Joseph stared into the dirt hole at the two skeletal remains. They were perfectly intact, but their bones were visibly brittle as though a light breeze could shatter them at any moment.
He stepped into the pit carefully so not to disturb them. Their skulls were smooth, their rib cages unbroken, and their femurs solid. Despite how carefully he searched, he found nothing. The only peculiarity was one had died while touching the other’s face. Joseph took off his glasses and scratched the prickly hairs on his chin.
“Well?” said a voice.
Joseph stood tall while cleaning his glasses with his shirt, “Hard to say,” he said, “since there are no visible clues it could be a number of things: an illness, starvation, even hypothermia.”
The detective reached his hand into the pit to help Joesph.
“How long ago you think it happened?” said the detective pulling Joseph out.
“Hard to say.”
“Is everything hard to say for you?” said the detective.
Joseph smirked. He loved how easy it was to provoke him.
“What am I supposed to tell them?” the detective gestured towards the crowd of cameras and reporters waiting behind the police tape. Reporters interviewed the construction crew that found the remains.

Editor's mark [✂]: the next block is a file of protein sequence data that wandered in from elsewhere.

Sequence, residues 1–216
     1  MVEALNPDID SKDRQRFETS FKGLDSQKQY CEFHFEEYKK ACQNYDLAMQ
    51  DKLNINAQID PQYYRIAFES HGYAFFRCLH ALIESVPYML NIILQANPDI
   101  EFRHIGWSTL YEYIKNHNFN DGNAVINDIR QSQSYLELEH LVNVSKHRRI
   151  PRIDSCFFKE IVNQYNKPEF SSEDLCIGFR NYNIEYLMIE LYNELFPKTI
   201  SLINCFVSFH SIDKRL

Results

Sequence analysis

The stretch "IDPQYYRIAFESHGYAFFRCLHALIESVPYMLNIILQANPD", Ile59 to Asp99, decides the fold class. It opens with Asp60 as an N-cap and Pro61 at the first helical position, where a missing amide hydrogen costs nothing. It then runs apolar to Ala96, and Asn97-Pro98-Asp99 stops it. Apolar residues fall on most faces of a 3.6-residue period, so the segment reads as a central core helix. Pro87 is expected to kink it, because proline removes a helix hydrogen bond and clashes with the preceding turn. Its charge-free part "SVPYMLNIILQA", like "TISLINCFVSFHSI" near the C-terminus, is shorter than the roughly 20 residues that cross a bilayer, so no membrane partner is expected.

“They’re calling them Romeo and Juliet,” said the detective, “I have everyone calling me the mayor, the governor, my wife! I swear people are too tender nowadays.”
While the detective rattled on, Joseph scratched his chin again. He had to admit that even he had become enamored with them. In their final moments, they had intertwined their hands together, and their mouths were close to each other.
“What I know, detective, is that people don’t die in seconds,” said Joseph, “regardless of what killed them, they didn’t die together. One of them had to go first and whichever one lived longer was the one that held on.”
Together they glanced at the remains.
“Poor bastard was hugging a rotting corpse,” said the detective as they stood before the couple’s grave, “you think it took long for the second one to die?”
“Hard to say.”